Hopewell: The Golden Age
Hopewell cultural practices brought about a new level of class distinction and social order as evidenced by various degrees of exotic and elaborate grave goods. Hopewell cultural practices also included a mortuary cult overseen by a strong socio-religious ruling class. The elaborate and centralized religion allowed control of worship and established a more effective social organization. With the population under control of the religious ruling class, the construction of large earthworks and intensive agriculture was made possible. The Ohio Hopewell is considered the golden age because of the high artistry and the great peace and prosperity the people enjoyed.
Religion and Ritual. Hopewell burial customs frequently included the preparation of the dead in a charnel house where they would dismember and cremate the deceased. The bones were then placed together in the grave called bundle burials. Grave goods such as mica indicate a belief in an afterlife. Mirrors have long been associated with magic and some Native American groups believe them to be a gateway to another world. The image is reversed and many Native Americans describe the other world as the reverse of ordinary life – day on earth, night on the other side. The presence of mica suggests that the Hopewell believed the mirror-like quality would transport the individual to another, opposite world.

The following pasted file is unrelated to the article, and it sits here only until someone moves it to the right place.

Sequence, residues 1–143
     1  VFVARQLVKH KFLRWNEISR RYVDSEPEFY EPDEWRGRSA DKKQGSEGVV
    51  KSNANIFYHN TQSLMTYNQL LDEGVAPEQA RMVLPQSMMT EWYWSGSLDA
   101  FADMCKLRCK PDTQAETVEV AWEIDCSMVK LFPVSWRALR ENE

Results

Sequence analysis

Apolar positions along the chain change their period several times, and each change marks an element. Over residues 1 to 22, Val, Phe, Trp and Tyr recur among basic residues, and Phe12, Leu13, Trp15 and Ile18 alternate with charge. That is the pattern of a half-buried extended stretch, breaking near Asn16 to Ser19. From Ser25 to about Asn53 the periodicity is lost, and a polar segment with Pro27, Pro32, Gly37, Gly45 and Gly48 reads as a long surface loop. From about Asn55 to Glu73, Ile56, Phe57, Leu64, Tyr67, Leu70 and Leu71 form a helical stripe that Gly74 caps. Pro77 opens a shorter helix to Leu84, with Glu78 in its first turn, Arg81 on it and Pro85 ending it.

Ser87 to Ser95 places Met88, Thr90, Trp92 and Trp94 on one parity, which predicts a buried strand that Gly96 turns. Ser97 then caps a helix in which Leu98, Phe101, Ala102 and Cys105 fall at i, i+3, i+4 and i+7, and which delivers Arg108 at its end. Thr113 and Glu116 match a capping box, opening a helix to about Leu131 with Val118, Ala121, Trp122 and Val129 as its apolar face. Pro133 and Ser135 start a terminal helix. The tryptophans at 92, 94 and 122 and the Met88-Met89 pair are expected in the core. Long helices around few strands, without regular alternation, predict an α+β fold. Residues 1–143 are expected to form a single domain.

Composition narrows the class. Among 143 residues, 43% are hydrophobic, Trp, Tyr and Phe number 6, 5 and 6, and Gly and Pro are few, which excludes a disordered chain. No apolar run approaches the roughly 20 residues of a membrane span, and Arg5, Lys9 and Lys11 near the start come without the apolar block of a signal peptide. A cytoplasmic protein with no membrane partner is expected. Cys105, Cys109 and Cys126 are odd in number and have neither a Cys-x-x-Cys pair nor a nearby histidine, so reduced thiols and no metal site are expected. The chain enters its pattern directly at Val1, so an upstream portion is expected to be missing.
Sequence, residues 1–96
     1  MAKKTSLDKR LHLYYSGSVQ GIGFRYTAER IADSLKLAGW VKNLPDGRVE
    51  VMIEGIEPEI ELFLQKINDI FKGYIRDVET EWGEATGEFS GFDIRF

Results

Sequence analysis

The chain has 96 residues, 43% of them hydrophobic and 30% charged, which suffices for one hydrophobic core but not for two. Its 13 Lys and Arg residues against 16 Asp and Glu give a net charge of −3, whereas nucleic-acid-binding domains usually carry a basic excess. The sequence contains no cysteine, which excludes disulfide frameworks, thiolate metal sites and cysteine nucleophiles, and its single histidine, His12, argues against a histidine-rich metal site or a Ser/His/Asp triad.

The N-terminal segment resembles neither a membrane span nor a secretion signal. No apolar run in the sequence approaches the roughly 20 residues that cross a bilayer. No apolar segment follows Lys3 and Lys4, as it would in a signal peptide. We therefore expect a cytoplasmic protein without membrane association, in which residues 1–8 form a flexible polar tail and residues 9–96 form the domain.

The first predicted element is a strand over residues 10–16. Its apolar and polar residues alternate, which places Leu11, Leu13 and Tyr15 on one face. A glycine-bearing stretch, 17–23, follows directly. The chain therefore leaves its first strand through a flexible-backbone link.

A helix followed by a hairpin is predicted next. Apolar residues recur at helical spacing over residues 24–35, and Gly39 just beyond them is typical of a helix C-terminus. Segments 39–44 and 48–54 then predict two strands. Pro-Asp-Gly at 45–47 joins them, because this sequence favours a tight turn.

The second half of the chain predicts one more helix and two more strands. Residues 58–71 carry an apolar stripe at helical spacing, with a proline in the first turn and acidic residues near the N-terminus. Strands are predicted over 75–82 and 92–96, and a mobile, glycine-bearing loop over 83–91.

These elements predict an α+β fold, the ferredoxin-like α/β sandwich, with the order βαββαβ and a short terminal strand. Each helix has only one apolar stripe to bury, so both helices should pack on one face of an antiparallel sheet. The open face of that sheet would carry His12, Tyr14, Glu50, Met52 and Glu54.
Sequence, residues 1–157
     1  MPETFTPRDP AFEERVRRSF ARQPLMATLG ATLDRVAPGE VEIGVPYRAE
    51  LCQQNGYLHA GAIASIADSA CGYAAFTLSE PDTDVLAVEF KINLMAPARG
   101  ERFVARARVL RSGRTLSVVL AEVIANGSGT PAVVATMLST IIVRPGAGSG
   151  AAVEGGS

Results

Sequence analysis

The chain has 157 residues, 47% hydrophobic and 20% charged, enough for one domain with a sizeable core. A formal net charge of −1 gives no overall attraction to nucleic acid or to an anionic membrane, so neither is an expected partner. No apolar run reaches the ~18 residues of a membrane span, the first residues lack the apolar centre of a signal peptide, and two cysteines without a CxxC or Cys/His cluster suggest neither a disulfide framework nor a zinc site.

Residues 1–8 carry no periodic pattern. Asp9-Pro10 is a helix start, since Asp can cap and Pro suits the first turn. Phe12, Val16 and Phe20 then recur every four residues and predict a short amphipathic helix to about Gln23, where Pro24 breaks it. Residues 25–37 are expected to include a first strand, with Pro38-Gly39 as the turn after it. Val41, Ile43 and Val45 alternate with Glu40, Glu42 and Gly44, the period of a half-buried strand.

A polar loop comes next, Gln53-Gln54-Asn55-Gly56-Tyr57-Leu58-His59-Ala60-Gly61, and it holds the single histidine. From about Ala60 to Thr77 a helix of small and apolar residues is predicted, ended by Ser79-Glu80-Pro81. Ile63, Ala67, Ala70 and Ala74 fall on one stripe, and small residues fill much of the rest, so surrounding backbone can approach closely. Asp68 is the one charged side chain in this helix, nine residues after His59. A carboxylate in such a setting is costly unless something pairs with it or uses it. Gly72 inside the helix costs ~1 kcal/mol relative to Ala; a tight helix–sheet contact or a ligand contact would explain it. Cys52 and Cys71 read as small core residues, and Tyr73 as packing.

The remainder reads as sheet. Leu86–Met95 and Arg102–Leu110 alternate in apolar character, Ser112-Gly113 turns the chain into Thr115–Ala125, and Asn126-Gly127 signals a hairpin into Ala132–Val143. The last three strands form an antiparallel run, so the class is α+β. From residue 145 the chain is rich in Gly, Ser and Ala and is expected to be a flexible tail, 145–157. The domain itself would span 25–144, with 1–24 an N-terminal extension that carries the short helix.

Earthworks: Hopewell ceremonial sites included several small burials at a site opposed to one large mound as in the early Adena Culture. Hopewell Culture earthworks also included large circular enclosures and geometric embankments. Geometric embankments often surround mound sites such as Mounds City and major ceremonial centers such as Newark. Hopewell ceremonial centers were also constructed on river terraces with nearby hamlets whereas many Adena ceremonial centers lacked nearby settlements.
References: Geopiety and Landscape Perceptions at Mounds State Park, Anderson, Indiana by Barbara A Perry